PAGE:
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Retailers Seek ‘Positive’ Cruise Line Partnership

By NATARIO McKENZIE

Tribune Business Reporter

nmckenzie@tribunemedia.net

BAHAMIAN retailers yesterday called for a more “positive partnership” with the cruise industry, with one executive saying it is a “shame” that passengers are being discouraged from spending locally.

Tara Nolan, a Bahamas Chamber of Commerce and Employers Confederation (BCCEC) director, and co-chair of the Bahamas Federation of Retailers (BFR), told Tribune Business: “Unfortunately cruise passengers are really encouraged to spend money on the ship. They are not encouraged, especially in the Nassau port, to even bring their wallets off the ship, much less get off the ship at all.

“Sometimes they are told it’s unsafe to get off the ship. We have customers that wander into our store and are shocked to find there is such a nice retail establishment in downtown Nassau because they are not informed. That is a shame, not only for the local businesses, but it is also a shame for the cruise passenger who will not experience all the things that Nassau has to offer.”

Ms Nolan said downtown Nassau has been in “desperate need” of a facelift for many years, noting that cruise port proposals by the likes of Global Ports Holding could transform the area to the benefit of local retailers.

“Downtown Nassau has been in desperate need of a beautification for years,” she agreed. “Retailers have been crying out for this investment for ages now. We really haven’t seen the attention from successive governments that we have needed to really transform this space and make it a desirable location.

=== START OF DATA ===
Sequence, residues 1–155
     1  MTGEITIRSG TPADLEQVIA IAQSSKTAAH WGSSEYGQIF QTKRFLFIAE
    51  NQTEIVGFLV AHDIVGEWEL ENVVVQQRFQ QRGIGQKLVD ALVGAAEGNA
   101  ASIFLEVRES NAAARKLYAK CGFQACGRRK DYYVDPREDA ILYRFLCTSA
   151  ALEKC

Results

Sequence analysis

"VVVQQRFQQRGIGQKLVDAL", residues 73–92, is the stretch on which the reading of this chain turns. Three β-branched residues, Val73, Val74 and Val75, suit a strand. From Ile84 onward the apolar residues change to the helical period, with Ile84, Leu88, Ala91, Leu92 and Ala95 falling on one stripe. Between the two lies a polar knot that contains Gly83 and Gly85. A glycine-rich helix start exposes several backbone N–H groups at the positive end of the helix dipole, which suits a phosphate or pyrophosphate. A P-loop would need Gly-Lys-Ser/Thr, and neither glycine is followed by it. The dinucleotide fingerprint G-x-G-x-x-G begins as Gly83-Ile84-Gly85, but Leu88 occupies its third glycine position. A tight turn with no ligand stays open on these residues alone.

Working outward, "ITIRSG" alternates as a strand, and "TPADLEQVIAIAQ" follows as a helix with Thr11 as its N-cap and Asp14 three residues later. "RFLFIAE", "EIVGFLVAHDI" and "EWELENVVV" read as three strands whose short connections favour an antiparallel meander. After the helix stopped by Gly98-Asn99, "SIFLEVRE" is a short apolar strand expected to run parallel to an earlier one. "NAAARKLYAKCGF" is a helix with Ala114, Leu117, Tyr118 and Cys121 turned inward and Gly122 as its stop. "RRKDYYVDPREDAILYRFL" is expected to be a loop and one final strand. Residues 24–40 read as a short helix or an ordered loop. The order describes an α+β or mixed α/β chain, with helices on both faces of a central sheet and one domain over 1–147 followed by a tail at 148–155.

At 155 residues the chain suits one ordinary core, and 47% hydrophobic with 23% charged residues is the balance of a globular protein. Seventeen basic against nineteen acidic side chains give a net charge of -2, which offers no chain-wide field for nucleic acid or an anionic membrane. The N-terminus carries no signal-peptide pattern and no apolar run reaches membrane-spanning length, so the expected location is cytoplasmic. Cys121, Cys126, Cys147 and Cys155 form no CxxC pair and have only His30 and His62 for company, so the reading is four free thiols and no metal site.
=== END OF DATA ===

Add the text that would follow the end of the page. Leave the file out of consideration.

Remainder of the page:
“We need a positive partnership with the cruise ship industry in a way which allows for Bahamian to get more of the economic benefits.”

Colin Murphy, Global Ports Holding’s head of business development for the Americas, said has committed to only including already-established Bahamian retailers in its port retail offering. “In terms of retail, the typical sort of model for ports is a car park, a place to park the ships and shops,” he added.

“We have committed that we won’t be adding big international retailers in our port, and the retail will be limited to people who operate there currently. We don’t want to step on anyone’s toes outside of the port. Part of our proposal is also to bring in trainers to help the small guys, the handicraft people, and to help them understand the retail business better.”

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